Last month, the new app HelpMeOrder asked me to collaborate with them on some videos featuring the best dishes at restaurants featured on their app and I was more than delighted to oblige.
Is there anything better than the smell of fresh-baked bread? A nostalgic bouquet familiar all over the world, spanning thousands of years warms the heart and makes you drool. Fogo Island Inn’s bread initiated my love for the place, and within hours I felt at home. When I started researching my stay at Fogo Island Inn, I found dozens of dazzling images of it’s behemoth exterior, the comfy beds (and the spectacular views from them), but there was one huge element lacking. What about the food? While the food at Fogo Island Inn remains an integral part of the experience, there are few Instagram pics and patrons reviews don’t discuss it a whole lot. So you’re in luck…
When I first heard about Fort Amherst Pub moving to Churchill Square after several disastrous (and wet) openings in downtown St. John’s, I was pretty jazzed. The shopping square is a short walk from my house and I’ve always loved town square feeling of this veritable strip mall, but recently it’s become a little dire. With the departure of Dominion grocery store and iconic Papa’s Pier 17, the shopping destination in Central St. John’s became a little less central — I’m happy to see new life breathed in.
Then I read a local newspaper review of the restaurant. I’ve enjoyed reading many reviews and written countless myself, but I’ve have read few with such an air of disinclination. As a food writer, I think reviews are a way to tell a story about the people of a restaurant, to introduce readers to a new establishment or simply to present an unbiased view of what’s on the menu. It is not a way to kick a guy when he’s down. Because of this particularly negative review, I had to go check out the food at Fort Amherst Pub. It just couldn’t be that bad. Continue reading Lunch at Fort Amherst Pub | St. John’s
Sometimes I don’t feel at home at bed and breakfasts. Some spots feel like you’re at someone’s parent’s house while they’re away for the weekend. I’m always worried about breaking something or being too loud. Maybe I’m not sophisticated enough, or I’m not old enough …
Newfoundland’s Baccalieu Trail is full of things to see, and it only took me six years living away to appreciate what it means to be a tourist at home.
FORK., a pop-up operating out of Irish Loop Coffee House, has been open for a month now, an I’m still thinking about the food I ate. I wrote an article for The Overcast about FORK. focusing on the “who, what, where, when, why” but I could have written 1000 more words about food. So here it is, the no-holds-barred deliciousness I consumed on my solo roadtrip out to Witless Bay.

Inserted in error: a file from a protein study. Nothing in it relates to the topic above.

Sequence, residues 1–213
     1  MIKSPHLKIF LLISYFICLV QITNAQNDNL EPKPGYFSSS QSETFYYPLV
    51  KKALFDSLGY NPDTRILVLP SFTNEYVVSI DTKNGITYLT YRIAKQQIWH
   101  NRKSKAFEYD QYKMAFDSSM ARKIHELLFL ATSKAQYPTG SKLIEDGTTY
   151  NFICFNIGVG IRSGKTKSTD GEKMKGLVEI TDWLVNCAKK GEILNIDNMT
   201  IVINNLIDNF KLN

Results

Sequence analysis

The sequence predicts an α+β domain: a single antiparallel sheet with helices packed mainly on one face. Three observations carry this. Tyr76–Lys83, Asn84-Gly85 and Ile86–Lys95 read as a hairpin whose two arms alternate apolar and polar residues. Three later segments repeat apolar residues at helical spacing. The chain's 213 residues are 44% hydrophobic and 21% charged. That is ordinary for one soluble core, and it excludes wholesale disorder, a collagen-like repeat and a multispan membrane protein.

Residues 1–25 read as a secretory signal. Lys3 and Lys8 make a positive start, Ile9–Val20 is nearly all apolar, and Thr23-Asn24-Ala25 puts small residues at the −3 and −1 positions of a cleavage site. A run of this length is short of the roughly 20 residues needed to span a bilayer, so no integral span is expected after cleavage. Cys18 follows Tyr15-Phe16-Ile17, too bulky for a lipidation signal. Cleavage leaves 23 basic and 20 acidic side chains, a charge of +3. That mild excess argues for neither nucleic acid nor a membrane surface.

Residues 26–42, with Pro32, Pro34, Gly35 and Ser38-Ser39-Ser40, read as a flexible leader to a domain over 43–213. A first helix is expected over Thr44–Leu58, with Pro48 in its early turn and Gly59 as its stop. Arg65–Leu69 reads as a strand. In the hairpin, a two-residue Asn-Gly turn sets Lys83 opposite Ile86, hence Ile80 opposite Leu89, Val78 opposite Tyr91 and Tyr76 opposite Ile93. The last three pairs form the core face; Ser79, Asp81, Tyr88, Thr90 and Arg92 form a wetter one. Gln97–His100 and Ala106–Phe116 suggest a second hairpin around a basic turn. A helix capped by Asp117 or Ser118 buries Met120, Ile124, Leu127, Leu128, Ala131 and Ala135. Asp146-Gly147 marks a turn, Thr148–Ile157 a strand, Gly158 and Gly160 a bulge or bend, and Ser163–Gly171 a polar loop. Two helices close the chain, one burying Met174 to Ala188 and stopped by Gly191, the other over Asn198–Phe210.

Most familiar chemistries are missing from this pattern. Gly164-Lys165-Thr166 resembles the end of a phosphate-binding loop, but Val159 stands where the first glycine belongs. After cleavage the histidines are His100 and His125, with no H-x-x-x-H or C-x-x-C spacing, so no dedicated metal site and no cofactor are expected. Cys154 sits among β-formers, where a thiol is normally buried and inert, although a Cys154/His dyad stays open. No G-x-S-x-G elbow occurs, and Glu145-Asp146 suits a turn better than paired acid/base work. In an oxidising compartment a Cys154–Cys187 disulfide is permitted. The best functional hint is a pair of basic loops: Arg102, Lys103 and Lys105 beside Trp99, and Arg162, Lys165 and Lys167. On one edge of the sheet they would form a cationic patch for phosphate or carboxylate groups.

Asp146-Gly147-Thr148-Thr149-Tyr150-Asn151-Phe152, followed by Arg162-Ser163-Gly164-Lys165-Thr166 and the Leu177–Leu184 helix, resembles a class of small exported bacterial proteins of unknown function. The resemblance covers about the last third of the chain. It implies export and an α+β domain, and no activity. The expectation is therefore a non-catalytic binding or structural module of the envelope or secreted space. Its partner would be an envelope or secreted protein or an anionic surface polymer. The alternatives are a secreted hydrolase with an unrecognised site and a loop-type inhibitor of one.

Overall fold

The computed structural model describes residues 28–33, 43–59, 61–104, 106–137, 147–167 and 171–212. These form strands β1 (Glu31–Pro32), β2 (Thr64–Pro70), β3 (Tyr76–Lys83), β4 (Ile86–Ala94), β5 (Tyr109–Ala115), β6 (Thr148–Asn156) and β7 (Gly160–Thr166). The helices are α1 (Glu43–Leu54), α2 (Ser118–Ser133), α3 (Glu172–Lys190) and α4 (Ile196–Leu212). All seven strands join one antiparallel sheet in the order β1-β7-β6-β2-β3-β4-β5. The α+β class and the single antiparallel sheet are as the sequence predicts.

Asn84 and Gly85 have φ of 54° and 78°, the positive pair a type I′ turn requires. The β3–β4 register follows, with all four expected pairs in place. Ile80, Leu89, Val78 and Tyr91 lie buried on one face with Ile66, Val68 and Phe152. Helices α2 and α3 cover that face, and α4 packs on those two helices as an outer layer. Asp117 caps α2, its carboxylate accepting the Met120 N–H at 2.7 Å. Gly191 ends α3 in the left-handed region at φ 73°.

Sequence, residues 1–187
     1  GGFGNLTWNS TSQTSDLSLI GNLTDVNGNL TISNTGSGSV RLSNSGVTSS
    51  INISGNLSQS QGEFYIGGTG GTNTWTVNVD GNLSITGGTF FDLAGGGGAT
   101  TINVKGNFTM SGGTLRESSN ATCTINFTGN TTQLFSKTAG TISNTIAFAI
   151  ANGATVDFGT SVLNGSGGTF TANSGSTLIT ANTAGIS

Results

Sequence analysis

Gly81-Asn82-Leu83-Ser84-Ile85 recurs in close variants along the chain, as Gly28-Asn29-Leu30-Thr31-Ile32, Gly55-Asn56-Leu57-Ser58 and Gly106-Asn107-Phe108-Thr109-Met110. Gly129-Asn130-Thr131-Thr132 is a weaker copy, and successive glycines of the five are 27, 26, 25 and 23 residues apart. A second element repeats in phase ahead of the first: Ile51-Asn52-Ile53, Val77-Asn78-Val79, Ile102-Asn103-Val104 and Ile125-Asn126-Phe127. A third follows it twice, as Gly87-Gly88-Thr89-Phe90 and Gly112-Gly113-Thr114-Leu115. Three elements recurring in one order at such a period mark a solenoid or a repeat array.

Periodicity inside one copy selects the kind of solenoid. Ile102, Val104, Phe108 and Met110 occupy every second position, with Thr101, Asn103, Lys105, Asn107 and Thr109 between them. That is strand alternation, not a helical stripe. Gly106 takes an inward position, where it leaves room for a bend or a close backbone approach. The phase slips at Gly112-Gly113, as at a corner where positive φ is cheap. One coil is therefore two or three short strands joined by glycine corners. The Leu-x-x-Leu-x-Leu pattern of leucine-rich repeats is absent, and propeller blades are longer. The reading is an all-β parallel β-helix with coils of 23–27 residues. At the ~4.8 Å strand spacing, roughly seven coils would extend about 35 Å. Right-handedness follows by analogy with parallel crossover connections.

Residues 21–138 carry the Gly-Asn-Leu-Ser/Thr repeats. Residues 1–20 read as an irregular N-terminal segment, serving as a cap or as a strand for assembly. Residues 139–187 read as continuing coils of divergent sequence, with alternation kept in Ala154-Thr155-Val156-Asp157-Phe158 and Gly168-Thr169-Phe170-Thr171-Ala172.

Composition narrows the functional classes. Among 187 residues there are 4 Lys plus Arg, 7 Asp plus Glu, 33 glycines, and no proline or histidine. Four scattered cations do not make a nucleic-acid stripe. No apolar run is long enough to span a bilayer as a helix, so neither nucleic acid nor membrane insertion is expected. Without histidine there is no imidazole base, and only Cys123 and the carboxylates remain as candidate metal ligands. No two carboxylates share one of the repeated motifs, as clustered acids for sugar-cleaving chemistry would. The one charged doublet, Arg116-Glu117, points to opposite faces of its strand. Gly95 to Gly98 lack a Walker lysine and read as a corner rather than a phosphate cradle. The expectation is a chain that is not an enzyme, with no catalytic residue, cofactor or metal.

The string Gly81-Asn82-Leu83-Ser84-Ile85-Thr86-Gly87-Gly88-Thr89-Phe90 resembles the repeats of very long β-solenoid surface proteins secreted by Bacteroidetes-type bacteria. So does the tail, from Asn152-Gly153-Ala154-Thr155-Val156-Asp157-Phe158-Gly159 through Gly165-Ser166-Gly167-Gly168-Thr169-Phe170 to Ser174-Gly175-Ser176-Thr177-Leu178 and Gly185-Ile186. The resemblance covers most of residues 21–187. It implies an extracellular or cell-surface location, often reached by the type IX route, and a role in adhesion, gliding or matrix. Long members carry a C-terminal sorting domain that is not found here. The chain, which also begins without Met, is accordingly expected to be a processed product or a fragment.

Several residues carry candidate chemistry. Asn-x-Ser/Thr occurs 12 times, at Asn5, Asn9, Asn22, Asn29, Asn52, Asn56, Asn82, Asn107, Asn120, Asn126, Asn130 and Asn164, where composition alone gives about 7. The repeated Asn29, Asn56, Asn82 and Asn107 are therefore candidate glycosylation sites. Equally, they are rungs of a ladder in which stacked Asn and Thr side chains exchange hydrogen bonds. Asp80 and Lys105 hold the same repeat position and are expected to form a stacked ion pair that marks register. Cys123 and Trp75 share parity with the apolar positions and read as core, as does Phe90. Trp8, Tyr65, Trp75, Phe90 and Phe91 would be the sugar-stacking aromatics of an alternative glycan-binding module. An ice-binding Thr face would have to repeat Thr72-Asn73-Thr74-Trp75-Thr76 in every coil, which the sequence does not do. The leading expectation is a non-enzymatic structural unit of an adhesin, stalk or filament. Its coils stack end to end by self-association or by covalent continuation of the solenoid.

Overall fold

Setting up in the Irish Loop Coffee House
The burnt orange walls match the bright exterior facade nestled hillside in Witless Bay, making it easy to see when cresting the hill into town. Colourful vintage chairs match teapots lining the sideboard, and while these touches are identifiably the Irish Loop Coffee House, it blends well with the muted blue hues of FORK’s dish ware. Simple linen tablecloths tone down the coffee house vibe and present a more fine-ding touch.
Shaken with iceberg, not stirred
The menu is decidedly focused on local: they source everything from goat milk to duck eggs and even make their own salt! Even the ice came from the iceberg I could see from my seat overlooking the bay. The punny cocktail list is right up my alley. I ordered a Berry Good By’ ($9) — a drink made with vodka, partridgeberry and blueberry syrup, and orange juice. It was layered in the prettiest way and tasted fruity fresh, but not too sweet.
Sitting at the table I smelled bread baking (making me drool incessantly), and I prayed to the carb-y gods they would bring me some. And then they did. The mini loaf just like nan used to bake arrived at the table accompanied by a huge dollop of salty house-churned butter. It was crusty on the outside and warm and soft on the inside and it’s actually the Chef’s nan’s recipe.
Sitting on the dock of the bay
Enjoying the ocean views, I felt inspired to have the scallops as my appetizer. The menu is divided into small and large plates, so you can order an app and a main or order things to share.
The Fortune Bay scallops ($16) were fresh and cooked perfectly, paired with apple and celery. The blood pudding is a welcome addition to this dish, making the appetizer rich yet light and crisp. The cider-braised mustard seeds popped like caviar in my mouth as I ate.
Large plates at FORK.
The large plates at the pop-up feature more local ingredients like Fogo Island cod with baby potatoes and salt beef, or Kimchi Fried Rice with shiitake mushrooms. The menu changes frequently and is dictated by what the chefs can source from nearby providers on a particular day.
For my main, I went with the house-made tagliatelle with duck confit ($28). The pasta is covered with parmesan like a mountain on a snowy day and the perfect compliment to accompanying sautéed greens. The roasted cherry tomatoes are bursts of flavour in each bite, and the duck confit is perfectly cooked.
If you live in St. John’s, you need to make the trip out to FORK. for a meal. If you don’t live in St. John’s, you need to find a way to get there.
The dam of craft beer in Newfoundland is about to be tapped. When I left home six years ago, there wasn’t much of a scene here. Besides mass produced beers like India and Dominion (made by Molson) or Quidi Vidi’s small selection, there wasn’t much happening. Storm …